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MathGroup Archive 2002

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Re: Generating Two Unit Orthogonal Vectors to a 3D Vector

  • To: mathgroup at smc.vnet.net
  • Subject: [mg36387] Re: Generating Two Unit Orthogonal Vectors to a 3D Vector
  • From: Tom Burton <tburton at brahea.com>
  • Date: Wed, 4 Sep 2002 02:56:45 -0400 (EDT)
  • References: <al1i1d$kra$1@smc.vnet.net>
  • Sender: owner-wri-mathgroup at wolfram.com

On 9/2/02 10:36 PM, in article al1i1d$kra$1 at smc.vnet.net, "Ingolf Dahl"
<f9aid at fy.chalmers.se> wrote:

> OrthogonalUnitVectors[v:{_,_,_}]:=(Needs["LinearAlgebra`Orthogonalization`"]
> ;
>   Map[LinearAlgebra`Orthogonalization`Normalize,
>     NullSpace[{v,{0,0,0},{0,0,0}}]])
> 
> One problem with any solution is that it should never be possible to obtain
> the two output vectors as continuous functions of the input vector, since
> that would be equivalent to the combing of a hedgehog in a vortexfree way.

NullSpace is fast, but LinearAlgebra`Orthogonalization`Normalize is slow. So
if you care about speed, perhaps #/Sqrt[#.#]& is better.

I don't know hedgehogs, but if I visualize a fur-covered ball, then I can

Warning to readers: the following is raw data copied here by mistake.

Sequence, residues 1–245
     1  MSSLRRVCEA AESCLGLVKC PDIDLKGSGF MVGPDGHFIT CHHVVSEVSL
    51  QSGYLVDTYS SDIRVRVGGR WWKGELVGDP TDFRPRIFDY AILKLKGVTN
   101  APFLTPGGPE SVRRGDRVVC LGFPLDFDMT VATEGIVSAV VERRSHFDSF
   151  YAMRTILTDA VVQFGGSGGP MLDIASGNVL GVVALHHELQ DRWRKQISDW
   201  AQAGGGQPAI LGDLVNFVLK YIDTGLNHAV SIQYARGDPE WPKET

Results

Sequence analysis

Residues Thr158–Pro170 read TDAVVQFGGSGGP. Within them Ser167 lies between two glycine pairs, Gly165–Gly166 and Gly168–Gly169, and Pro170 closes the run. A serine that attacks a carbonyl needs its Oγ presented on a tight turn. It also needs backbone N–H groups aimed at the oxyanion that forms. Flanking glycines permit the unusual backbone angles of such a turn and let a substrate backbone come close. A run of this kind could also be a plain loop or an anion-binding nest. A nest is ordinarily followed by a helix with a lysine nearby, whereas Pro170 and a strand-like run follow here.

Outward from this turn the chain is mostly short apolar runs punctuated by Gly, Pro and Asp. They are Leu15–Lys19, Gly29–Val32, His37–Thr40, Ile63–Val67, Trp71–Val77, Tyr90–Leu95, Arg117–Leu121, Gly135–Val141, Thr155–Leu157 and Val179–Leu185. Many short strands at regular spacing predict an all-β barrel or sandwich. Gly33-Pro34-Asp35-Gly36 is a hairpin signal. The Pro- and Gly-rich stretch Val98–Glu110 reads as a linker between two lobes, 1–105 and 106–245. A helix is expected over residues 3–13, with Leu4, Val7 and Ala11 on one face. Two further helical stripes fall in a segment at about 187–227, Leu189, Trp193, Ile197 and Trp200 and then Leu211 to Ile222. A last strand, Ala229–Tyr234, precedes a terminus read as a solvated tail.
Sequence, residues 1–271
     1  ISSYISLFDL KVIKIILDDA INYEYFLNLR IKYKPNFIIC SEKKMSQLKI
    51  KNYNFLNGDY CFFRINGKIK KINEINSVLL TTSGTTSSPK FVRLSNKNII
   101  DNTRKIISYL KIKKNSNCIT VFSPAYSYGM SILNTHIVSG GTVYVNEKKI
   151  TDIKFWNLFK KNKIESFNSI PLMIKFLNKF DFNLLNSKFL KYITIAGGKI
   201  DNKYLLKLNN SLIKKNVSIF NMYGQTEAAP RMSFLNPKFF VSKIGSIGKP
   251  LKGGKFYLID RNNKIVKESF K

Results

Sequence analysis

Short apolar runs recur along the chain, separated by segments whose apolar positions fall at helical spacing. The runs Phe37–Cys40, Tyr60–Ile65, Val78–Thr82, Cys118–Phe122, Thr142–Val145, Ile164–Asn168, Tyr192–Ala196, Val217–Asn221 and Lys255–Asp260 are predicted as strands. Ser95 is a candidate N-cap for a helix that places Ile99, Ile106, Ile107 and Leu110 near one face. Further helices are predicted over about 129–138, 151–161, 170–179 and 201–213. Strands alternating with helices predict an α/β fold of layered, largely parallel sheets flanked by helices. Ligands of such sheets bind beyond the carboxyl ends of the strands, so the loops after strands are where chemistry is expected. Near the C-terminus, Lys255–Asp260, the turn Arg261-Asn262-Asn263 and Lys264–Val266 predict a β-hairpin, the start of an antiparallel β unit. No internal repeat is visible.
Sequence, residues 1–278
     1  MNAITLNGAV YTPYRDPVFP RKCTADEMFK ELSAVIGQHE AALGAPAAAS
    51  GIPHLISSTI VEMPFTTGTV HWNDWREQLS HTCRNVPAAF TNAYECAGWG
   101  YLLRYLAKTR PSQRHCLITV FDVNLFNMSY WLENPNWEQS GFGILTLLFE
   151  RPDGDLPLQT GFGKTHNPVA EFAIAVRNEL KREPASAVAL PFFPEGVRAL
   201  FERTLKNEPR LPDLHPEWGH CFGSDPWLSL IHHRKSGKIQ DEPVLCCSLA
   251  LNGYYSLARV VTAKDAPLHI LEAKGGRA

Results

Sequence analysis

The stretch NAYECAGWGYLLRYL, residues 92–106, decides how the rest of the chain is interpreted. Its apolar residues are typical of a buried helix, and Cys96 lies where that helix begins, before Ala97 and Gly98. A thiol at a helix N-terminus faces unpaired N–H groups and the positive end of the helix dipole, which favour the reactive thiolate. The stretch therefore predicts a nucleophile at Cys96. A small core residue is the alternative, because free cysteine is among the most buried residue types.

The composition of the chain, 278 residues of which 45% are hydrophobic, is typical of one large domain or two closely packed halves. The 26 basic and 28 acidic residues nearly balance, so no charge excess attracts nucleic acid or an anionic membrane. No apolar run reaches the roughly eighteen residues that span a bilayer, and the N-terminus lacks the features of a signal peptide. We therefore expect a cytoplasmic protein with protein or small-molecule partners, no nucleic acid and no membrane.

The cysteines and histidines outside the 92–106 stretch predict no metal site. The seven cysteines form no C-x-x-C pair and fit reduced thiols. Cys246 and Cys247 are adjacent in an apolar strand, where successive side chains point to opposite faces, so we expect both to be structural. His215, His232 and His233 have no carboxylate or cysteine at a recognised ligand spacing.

see as how a continuous solution is not possible everywhere. In that case, I
might like to control the discontinuity. NullSpace create a curve on
discontinuities on the unit sphere (a vortex curve, if you will). Try, e.g.,

ContourPlot[{v, w} = NullSpace[{{y, .3, x}, {0, 0, 0}, {0, 0, 0}}];  v[[3]],
{x, -1, 1}, {y, -1, 1}, PlotPoints -> 100]

It's not obvious to me where this curve is going to be.  A nice feature of
the following simple scheme,

triad[u_, r_:{1, 0, 0}] := Module[{v = Cross[u, r]},   #/Sqrt[# . #] &  /@
{u, v, Cross[u, v]}]

is that you know that the two points of discontinuity are where r and -r
cross the unit sphere. triad is slow, but if you commit to a particular r
and then evaluate and simplify,

FullSimplify[trial[{u,v,w}]

the resulting expression evaluates pretty fast for specific numerical
{u,v,w}.

Tom Burton



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